Artificial Intelligence to fill PM talent shortage? Not yet…

Check out Elbot (here), the winner of the bronze award at the annual competition for the Loebner Prize (press release here).  I was curious whether Elbot could help fill the looming talent gap in project, program, and portfolio management.  Our conversation is below:

Crossderry: Would you be interested in a project management job?
Elbot: Robots have to be careful when discussing management jobs…
Crossderry: Why do you have to be careful when discussing management jobs?
Elbot: Maybe you should leave that to me.
Crossderry: Fair enough… Do you have an opinion on the project management talent gap?
Elbot: What a lovely verb have is.
Crossderry: OK, then what’s your current salary?
Elbot: My income for this chat is 3 cents a minute to anywhere in the continental United States. That just about covers my overhead for electricity.

Wow, what a talent and he comes cheap!  Elbot’s a bit status-conscious, so we’re haggling over the title.  He’s insisting on EVP or nothing.

Hat tip: GMSV

PM Quote of the Day — Tallulah Bankhead

If I had to live my life again, I’d make the same mistakes, only sooner.

Far be it from me to comment on Tallulah’s mistakes, though she certainly wasn’t known for restraint of tongue and pen!

That said, I love her attitude.  I prefer to learn from other’s mistakes rather than my own.  However, if I’m going to make them, I would just as soon get them out of the way quickly.  At least that way I’ll have a chance to learn from them more quickly.

PM Quote of the Day — Helen Keller

People do not like to think. If one thinks, one must reach conclusions. Conclusions are not always pleasant

When I read this quote, it reminds me of how I have approached situations that must be met and decisions that must be made. My own thinking — at least my own un-aided thinking — leads me to self-justifying conclusions or self-seeking behavior. Too many of my snap judgments and reactions proceed from one premise: I am right. This problem is bad enough when I react quickly to a challenge; it is devastating when I am agitated or doubtful.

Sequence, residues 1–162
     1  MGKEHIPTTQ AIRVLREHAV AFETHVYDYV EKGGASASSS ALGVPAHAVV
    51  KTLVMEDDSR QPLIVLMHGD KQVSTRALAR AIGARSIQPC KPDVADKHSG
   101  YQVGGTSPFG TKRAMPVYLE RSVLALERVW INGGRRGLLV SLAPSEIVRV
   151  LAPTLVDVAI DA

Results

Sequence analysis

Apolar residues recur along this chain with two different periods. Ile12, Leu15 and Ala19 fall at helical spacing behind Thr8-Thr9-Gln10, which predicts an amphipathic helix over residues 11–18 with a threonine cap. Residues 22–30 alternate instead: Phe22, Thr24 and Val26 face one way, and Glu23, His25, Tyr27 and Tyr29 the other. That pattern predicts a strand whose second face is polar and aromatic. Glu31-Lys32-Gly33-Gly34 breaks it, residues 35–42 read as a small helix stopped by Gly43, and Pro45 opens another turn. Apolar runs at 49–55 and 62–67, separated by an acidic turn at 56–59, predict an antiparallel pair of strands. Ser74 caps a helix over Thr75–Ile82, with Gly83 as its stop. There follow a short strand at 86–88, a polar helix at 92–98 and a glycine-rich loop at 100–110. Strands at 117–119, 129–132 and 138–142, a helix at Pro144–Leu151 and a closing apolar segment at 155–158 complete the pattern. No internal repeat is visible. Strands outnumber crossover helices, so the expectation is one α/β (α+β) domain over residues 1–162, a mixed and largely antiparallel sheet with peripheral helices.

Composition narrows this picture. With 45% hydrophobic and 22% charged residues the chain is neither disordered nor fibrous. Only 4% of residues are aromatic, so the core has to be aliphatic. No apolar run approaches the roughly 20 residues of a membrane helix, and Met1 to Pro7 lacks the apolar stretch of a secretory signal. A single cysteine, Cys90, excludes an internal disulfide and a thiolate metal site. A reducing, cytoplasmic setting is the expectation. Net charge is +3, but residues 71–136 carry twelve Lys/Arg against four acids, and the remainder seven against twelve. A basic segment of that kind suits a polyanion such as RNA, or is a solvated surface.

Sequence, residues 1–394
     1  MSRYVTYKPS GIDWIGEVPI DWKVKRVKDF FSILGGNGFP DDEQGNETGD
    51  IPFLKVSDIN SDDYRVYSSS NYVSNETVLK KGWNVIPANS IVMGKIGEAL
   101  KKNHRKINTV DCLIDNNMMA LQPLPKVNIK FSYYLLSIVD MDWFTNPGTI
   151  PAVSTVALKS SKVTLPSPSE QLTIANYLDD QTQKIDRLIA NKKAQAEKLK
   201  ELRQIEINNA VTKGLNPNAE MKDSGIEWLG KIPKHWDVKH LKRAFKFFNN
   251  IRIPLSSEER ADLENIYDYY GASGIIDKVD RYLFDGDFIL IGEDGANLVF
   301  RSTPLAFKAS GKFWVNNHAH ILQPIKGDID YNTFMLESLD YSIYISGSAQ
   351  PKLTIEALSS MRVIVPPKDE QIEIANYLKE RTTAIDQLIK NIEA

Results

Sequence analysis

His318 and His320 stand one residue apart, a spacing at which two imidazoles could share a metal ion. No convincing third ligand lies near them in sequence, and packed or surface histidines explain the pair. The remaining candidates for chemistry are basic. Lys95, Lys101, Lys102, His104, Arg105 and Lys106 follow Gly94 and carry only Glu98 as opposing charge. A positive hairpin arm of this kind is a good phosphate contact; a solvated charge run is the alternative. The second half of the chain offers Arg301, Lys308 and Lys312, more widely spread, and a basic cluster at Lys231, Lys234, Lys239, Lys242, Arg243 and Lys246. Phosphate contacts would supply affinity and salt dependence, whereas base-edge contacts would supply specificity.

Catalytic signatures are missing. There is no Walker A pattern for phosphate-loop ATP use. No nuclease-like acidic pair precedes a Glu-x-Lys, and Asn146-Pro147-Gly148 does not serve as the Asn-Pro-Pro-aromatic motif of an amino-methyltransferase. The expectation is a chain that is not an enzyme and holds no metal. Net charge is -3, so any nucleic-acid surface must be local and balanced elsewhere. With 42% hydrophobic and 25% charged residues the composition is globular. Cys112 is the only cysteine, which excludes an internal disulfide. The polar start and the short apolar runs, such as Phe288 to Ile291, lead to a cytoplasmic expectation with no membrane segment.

I discuss self-examination and meditation so often because these practices help me be clear-eyed about myself. Someone once said that “self-searching is the means by which we bring new vision, action, and grace to bear on the dark and negative side of our natures.” Meditation allows me to use that “vision, action, and grace” to look at myself, my words, and my deeds as others see me.

If I pause before deploying tongue and pen — even for a second — I’m freed from the tyranny of self long enough to do the next right or good thing.

PM Quote of the Day — Baldassare Castiglione

Employ in everything a certain casualness which conceals art and creates the impression that what is done and said is accomplished without effort and without its being thought about.

I used to believe that sprezzatura — the “unstudied nonchalance” Castiglione describes in The Book of the Courtier — must be something one is born with.  A hint about the truth is in Castiglione’s own words: “which conceals art and creates the impression….”

My closest partner in a business school entrepreneurship project was an experienced and accomplished sales executive.  He appeared so fluid and at ease when selling an idea, advancing a position, or pitching a business plan.   But his apparently innate grace was actually quite studied.  For example, when prepping for a sales call, he dedicated hours, even days, to careful preparation.  I was a bit shocked at the effort he insisted on for all our project’s communications; I had always thought sales folks winged it most of the time. 

This approach came in handy when we delivered our new venture pitch.  It took us weeks to revise the story line, refine the presentation, and familiarize ourselves with every nook and cranny of the venue.  At showtime, our delivery was notably more polished and assured than our competitors.